Pulse-code modulation (PCM) is a method used to digitally represent sampled analog signals. It is the standard form of digital audio in computers, Compact Discs, digital telephony and other digital audio applications. In a PCM stream, the amplitude of the analog signal is sampled regularly at uniform intervals, and each sample is quantized to the nearest value within a range of digital steps.
Alec Harley Reeves (10 March 1902 - 13 October 1971) was a British scientist best known for his invention of pulse-code modulation (PCM).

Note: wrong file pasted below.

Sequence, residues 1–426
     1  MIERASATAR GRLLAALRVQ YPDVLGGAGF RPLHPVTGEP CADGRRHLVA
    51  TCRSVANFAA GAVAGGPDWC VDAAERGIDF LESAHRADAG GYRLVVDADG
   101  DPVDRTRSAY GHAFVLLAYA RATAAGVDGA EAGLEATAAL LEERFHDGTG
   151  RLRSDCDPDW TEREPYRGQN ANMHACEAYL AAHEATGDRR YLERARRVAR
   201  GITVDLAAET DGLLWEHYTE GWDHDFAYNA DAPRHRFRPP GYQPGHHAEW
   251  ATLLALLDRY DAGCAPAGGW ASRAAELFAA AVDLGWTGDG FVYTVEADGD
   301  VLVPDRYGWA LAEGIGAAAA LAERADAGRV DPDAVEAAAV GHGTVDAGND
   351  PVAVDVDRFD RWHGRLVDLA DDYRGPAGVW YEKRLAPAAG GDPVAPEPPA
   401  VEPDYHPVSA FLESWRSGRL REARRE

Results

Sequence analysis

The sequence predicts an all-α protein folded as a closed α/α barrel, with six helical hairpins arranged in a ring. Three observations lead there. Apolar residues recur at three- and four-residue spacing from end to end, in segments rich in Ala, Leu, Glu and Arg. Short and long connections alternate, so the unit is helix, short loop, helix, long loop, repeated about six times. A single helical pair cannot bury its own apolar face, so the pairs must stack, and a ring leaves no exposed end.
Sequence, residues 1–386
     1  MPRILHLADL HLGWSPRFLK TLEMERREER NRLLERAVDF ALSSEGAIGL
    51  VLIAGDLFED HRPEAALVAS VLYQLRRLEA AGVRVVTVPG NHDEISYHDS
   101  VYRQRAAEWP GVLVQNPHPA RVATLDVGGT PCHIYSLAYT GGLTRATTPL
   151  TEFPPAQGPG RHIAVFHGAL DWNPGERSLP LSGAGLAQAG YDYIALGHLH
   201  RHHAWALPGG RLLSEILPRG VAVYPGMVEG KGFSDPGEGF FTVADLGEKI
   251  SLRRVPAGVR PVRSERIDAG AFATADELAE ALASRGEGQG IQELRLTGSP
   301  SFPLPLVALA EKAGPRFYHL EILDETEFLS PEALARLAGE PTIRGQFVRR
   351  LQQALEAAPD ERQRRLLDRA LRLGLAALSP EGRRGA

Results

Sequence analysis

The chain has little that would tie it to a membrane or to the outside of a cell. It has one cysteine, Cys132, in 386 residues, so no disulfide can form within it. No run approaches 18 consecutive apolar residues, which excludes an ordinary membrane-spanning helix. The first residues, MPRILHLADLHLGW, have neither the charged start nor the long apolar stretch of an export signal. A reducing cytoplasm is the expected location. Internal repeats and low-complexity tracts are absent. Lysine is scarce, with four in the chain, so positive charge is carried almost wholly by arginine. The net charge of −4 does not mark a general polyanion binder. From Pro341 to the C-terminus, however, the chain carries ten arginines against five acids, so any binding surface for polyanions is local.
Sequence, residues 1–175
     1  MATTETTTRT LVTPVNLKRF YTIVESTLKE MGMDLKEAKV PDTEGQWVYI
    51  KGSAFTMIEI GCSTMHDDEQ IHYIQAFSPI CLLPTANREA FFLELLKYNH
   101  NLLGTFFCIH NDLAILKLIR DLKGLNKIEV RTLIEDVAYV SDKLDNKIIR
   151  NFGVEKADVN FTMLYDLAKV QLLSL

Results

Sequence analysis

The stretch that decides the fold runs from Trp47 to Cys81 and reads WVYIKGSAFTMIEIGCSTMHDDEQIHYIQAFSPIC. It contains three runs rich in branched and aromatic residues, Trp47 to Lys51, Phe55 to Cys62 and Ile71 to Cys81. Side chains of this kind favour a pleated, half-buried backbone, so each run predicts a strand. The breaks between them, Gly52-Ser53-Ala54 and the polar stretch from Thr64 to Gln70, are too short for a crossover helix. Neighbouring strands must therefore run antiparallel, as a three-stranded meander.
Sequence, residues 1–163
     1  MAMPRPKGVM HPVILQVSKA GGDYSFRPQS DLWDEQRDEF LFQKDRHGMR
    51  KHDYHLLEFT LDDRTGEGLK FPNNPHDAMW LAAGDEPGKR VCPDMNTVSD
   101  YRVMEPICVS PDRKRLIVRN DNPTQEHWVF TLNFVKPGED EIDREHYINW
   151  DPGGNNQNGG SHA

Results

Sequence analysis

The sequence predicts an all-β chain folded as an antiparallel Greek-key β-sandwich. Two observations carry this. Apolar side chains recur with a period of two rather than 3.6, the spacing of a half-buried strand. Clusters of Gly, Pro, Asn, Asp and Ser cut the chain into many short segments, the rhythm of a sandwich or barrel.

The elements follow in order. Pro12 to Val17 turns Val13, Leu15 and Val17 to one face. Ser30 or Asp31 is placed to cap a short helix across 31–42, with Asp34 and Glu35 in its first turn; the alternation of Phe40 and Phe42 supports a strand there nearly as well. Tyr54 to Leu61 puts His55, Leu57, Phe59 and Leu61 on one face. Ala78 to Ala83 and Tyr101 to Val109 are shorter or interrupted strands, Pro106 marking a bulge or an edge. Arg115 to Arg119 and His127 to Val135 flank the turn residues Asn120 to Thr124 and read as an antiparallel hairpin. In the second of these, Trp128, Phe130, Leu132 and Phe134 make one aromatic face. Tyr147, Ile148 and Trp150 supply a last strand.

Reeves recognised the potential that pulse-code modulation had for reducing noise when speech is transmitted over long distances. With an analogue signal, every time the signal is amplified, the noise contained in the signal is also amplified and new, additional noise is added. With pulse code modulation, all that is required is to regenerate the pulses, hence the noise content of the signal is not increased. Reeves patented the invention in 1938. Unfortunately his idea required quite complex circuitry (by 1930s standards), that was not cost-effective, using valves. Pulse code modulation was not used commercially until the 1950s, when the invention of the transistor made it viable, although it was used by Bell Telephone Laboratories during the Second World War for secure communications links, such as the SIGSALY system used for encrypted voice communications between Roosevelt and Churchill.